What Impresses God About Steph Curry
Christians need Steph Curry’s MVP more than God does
Below is a screenshot of my Twitter feed following Steph Curry’s overtime performance against the Blazers last year.
The response when Curry won his second MVP award, this time in unanimous fashion, was similar. Along with congratulatory words were the trending hashtags:
#ForTheKingdom #ForGodsGlory #AllForHim
Steph Curry continues to do things differently and people are noticing.
While he continues to change the game through his play on the court, we seem to be stuck in similar behavioral patterns. By we, I mean fans who would identify themselves as Christians.
When a big name athlete plays a big time game and then mentions God or Jesus Christ in the postgame interview, we go CRAZY.
One can easily understand why we are quick to elevate athletes who love—or at least outwardly proclaim to love—God. It is fun to see people who believe what we believe succeed.
It is fun to watch someone who I have no relationship with, but who believes in the same God I do, play with a level of excellence that is rare. The thing that is most important to both of our lives somehow connects us. In an odd sense, we are on the same team.
When I blast out how amazing he plays on social media, I am really saying “I am cheering for him because I believe the same thing that he does!”
This is actually commendable. However, I believe that in all of the excitement surrounding sports success, we lose sight of something really important.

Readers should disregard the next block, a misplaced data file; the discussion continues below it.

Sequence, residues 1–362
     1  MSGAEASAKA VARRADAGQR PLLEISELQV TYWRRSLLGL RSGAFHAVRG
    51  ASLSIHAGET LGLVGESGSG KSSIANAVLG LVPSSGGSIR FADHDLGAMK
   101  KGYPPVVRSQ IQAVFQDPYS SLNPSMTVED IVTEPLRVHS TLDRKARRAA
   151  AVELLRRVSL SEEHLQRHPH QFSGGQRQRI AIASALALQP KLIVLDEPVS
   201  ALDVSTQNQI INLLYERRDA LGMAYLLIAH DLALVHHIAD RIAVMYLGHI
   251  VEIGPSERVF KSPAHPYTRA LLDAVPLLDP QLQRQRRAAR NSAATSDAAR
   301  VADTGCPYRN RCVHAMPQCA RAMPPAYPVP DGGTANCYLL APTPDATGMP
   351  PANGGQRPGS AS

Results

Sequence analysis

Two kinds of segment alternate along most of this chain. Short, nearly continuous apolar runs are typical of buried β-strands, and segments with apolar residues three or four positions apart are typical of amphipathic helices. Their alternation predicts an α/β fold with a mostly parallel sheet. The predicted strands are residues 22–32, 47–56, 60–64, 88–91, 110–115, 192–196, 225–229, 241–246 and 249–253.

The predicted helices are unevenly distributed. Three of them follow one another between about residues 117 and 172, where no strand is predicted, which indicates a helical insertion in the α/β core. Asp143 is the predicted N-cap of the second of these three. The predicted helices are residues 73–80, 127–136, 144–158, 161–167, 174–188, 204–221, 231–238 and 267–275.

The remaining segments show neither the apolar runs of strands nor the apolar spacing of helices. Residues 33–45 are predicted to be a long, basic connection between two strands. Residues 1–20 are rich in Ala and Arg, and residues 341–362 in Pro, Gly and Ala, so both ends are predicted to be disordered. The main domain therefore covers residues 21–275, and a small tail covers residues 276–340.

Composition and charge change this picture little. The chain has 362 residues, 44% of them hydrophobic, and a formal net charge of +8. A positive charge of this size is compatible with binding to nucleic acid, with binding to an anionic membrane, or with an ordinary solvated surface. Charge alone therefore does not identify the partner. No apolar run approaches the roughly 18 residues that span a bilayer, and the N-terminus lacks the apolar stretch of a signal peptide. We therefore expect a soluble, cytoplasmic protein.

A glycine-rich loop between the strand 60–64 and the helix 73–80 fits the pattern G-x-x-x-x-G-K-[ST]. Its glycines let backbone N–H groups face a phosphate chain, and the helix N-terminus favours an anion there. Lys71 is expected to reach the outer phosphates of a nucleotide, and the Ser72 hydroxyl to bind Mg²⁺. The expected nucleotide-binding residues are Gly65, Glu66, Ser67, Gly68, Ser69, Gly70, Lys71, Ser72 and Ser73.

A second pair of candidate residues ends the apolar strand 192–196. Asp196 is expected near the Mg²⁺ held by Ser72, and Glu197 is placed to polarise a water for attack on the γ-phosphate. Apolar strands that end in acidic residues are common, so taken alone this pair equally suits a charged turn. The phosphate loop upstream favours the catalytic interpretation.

The danger lies not in being quick to say “glory to God” or “for the kingdom.” I believe the danger lies in thinking God cares about athletic success more than He actually does.
The subtle assumption easily becomes that in God’s economy, earthly awards and success are of highest value to Him, that He somehow needs the award to be most glorified.
This is not a Stephen Curry issue. This is a cultural Christianity issue.
How does God view Curry’s MVP trophy or any athletic success for that matter?
Paul never penned a letter to the church at Golden State so we will never fully know how God views NBA awards, especially those “given” to Him.
We do get a glimpse of how God views us through the life of Jesus and His many parables. God identifies Himself not as a fan or a fanatic, but as our Father. How then, does a good father view his children when they do good things in his honor?
A View of God from My Refrigerator
I have a 6-year-old son who loves to color.
Sunday school is the location where he releases his weekly masterpieces that end up on our refrigerator. I think there are some great parallels of how I experience my son’s art and how God experiences and receives our athletic accomplishments.
I know my son has a high opinion of his artwork. He worked hard on it and in his eyes, it truly is a masterpiece.
Here is the issue: he is six. He has no idea what impressive artwork looks like.
With that being said, for someone his age to color within the lines is admirable. But it is no Monet. It is no Rembrandt. Nobody comes into my house and notices his artwork in the kitchen.